Former Sex Pistols frontman says there’s no more ‘lawlessness in the UK’
The former Sex Pistols frontman no longer espouses the anti-establishment message of the British punk rock band’s signature hit ‘Anarchy in the UK’.
In a June 1 essay for The Times of London, Johnny Rotten, who now goes by his legal name John Lydon, denounced lyrics he once shouted during performances.
“Anarchy is a terrible idea,” wrote Mr Lydon, now 66.
The singer criticized anarchist websites for promoting anti-authoritarian messages “in designer Dr. Martens, smart little backpacks and well-made balaclavas.”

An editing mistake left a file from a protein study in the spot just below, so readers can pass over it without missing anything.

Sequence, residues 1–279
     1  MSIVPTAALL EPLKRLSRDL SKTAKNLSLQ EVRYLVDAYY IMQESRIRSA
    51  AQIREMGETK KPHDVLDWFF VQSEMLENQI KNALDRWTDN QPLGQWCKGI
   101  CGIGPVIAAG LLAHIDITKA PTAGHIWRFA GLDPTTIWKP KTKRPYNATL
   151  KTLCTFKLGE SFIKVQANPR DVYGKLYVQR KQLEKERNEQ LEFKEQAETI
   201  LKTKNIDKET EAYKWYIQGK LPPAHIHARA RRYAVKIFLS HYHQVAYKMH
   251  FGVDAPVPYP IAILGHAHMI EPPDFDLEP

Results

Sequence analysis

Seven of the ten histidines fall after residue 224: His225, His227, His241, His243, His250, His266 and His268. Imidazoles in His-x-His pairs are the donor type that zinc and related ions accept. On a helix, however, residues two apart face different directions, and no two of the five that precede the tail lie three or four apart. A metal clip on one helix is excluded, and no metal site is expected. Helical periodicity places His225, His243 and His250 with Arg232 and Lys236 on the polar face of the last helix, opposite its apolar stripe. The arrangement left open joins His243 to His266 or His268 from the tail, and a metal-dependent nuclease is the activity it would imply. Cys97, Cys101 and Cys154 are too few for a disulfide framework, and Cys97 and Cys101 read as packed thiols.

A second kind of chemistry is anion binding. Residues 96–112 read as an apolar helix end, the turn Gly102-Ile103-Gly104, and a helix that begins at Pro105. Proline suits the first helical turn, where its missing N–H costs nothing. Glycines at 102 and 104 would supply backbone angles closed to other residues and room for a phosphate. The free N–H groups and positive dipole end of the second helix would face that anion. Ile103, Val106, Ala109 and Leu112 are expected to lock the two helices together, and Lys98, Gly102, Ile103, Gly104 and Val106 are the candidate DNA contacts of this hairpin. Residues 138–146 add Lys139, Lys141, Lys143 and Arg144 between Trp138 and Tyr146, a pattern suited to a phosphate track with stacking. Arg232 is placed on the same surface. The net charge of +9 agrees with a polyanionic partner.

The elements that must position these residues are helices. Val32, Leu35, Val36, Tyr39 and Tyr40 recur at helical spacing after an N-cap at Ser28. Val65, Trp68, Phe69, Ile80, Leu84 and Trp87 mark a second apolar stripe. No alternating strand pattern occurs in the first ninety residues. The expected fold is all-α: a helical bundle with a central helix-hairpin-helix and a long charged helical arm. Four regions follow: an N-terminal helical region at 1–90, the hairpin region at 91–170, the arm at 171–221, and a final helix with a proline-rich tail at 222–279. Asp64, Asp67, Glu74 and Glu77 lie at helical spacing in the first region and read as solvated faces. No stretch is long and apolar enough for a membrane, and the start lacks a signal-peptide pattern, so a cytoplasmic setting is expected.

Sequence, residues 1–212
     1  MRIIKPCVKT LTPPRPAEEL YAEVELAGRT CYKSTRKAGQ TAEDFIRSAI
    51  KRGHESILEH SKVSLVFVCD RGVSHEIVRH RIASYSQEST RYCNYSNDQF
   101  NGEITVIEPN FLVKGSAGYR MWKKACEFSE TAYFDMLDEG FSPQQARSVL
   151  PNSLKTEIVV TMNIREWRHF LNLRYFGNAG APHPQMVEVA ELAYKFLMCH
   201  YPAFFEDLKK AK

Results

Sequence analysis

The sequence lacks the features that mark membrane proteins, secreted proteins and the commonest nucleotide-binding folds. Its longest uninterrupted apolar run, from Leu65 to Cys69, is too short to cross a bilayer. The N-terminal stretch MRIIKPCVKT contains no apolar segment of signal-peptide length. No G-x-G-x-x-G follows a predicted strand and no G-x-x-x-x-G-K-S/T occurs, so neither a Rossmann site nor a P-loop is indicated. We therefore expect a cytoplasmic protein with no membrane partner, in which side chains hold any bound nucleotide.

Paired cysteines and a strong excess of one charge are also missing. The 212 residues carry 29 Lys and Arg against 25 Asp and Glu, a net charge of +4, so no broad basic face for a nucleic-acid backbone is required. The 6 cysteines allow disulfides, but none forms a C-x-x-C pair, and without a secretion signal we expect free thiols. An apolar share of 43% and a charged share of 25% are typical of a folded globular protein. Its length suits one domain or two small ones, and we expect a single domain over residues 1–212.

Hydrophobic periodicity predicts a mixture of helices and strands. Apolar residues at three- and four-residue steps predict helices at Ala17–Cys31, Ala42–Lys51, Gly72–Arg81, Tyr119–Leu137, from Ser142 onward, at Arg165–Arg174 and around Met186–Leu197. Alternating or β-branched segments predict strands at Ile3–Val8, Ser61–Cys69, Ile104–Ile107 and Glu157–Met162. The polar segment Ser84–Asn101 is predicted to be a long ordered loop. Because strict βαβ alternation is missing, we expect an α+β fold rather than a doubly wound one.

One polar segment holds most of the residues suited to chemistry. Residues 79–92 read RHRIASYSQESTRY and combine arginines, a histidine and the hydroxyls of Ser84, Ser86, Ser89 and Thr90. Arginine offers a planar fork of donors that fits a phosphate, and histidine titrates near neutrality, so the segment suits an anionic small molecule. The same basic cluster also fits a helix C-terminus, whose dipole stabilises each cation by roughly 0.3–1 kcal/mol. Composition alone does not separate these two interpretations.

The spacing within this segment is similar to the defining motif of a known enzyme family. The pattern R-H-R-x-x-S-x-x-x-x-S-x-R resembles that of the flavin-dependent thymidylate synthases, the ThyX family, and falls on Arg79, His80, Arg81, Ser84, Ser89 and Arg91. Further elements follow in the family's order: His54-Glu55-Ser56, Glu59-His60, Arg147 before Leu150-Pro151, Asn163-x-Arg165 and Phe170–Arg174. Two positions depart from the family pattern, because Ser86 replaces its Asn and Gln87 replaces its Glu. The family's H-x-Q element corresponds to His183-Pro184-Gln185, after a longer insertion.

Mr Lydon, who formed the Platinum Sellers Group with the late Sid Vicious and others in 1975, also said he had ‘no animosity against anyone in the Royal Family’ despite his opposition to funding the monarchy with tax money.
“God bless the Queen,” he wrote in the essay, printed in time for Queen Elizabeth II’s Jubilee celebrations. “She puts up with a lot.
The Sex Pistols’ single “God Save the Queen” was banned from playlists across the UK when it was released for the Queen’s Silver Jubilee in 1977. A limited reissue for the Queen’s Platinum Jubilee queen this year quickly sold out.